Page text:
Dr. Kingsley Lyonga Ngange is an Associate Professor of Journalism and Mass Communication and Deputy Vice-Chancellor for Research, Cooperation and Relations with the Business World, University of Buea, Cameroon. He is currently a Fulbright Visiting African Research Scholar at the Joseph L. Brechner Freedom of Information Project, in the College of Journalism and Communications, University of Florida. He is a former broadcast journalist with the Cameroon Radio and Television Corporation and former Chair of the Department of Journalism and Mass Communication University of Buea for several years. He has been involved in Journalism and Mass Communication training, practice, education, and management for the past 25 years. He been a visiting scholar in the USA (2010, 2015 and 2023/2024) and different parts of Africa for a decade now. Dr. Ngange has supervised several Masters and Ph.D. theses and published extensively in reputable international journals and books.


Dr. Nicholas N. Kerr is an Assistant Professor of Political Science at the University of Florida. His research interests include comparative institutions, democratization, electoral management, electoral integrity, public opinion, and African politics. His first book, Electoral Commissions and Democratization in Africa, is forthcoming with Oxford University Press. He has also published in leading journals, including Comparative Politics, Governance, Political Research Quarterly, Political Studies, Political Psychology, Public Opinion Quarterly, and Electoral Studies. Several of these publications have explored how electoral institutions, processes, and outcomes affect popular and elite legitimacy. Nicholas also has experience conducting fieldwork and organizing surveys in several African countries and has advised several prominent democracy promotion and political development organizations. He holds a Ph.D. in Political Science from Michigan State University and a Bachelor of Arts in Political Science and Economics from Williams College.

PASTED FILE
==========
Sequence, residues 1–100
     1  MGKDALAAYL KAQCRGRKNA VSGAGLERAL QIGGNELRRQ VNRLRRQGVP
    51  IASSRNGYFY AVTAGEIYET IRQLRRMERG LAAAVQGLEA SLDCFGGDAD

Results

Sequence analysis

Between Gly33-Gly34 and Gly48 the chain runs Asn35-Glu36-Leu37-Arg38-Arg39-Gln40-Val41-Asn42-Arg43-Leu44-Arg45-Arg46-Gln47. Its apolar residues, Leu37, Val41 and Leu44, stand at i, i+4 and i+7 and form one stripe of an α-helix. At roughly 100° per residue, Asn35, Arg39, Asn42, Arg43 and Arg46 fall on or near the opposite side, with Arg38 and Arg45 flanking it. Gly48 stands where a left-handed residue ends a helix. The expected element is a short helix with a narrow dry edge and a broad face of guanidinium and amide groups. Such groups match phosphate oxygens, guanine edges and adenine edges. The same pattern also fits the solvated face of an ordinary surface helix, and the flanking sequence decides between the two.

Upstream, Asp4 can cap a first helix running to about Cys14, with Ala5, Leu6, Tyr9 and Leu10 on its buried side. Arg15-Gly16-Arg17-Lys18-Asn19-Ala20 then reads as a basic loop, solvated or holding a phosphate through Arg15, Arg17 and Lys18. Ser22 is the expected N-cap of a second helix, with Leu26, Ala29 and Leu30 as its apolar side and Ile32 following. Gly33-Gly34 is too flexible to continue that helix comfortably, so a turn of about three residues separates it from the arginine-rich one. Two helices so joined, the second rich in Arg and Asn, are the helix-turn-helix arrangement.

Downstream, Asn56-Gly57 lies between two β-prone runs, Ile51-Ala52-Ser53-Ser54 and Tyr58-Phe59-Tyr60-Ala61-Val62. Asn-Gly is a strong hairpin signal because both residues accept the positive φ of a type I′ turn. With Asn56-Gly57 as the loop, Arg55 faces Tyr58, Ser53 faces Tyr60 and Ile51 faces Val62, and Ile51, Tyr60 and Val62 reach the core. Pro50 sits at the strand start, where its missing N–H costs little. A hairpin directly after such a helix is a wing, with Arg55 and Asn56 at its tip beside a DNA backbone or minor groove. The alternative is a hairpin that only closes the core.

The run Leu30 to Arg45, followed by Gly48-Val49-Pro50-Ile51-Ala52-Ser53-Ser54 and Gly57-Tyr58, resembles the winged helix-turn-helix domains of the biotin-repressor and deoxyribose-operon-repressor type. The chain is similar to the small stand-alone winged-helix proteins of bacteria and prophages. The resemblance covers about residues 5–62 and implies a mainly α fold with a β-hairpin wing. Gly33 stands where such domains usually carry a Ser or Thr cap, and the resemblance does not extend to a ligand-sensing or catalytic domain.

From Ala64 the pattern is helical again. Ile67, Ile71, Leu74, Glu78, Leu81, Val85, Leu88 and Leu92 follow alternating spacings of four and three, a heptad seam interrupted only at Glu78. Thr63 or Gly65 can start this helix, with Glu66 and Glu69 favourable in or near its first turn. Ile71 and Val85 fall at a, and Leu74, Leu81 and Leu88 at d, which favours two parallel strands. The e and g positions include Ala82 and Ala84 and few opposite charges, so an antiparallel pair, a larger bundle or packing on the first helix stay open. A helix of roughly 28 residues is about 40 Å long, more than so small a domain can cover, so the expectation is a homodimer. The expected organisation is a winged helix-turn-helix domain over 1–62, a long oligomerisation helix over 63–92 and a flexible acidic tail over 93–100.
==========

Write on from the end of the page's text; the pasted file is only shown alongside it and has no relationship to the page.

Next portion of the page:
Dr. Miles Larmer is now, after a decade at the University of Oxford (2013-2023), Professor of History and Director of the Center of African Studies at the University of Florida. His research focuses on southern and central Africa, specializing in the modern history of Zambia and the Democratic Republic of Congo. His work analyses how local African actors have engaged andintersected with global historical dynamics, and in so doing challenges the ‘methodological nationalism’ of much modern African historiography. He has written on social and political change; labor and social movements; extractive communities; military conflict amid Africa’s Cold War; nationalism, migration and urbanization; and, more recently, environmental history and intellectual history, particularly focusing on the relationship between social history and knowledge production.

 Jason Leopold

On Oct. 20, 2022, Brechner Center Journalist-in-Residence Sara Ganim had a conversation with award-winning journalist Jason Leopold. He’s been called “the most active individual FOIA litigator in the United States today.”

Click the image below to watch the video.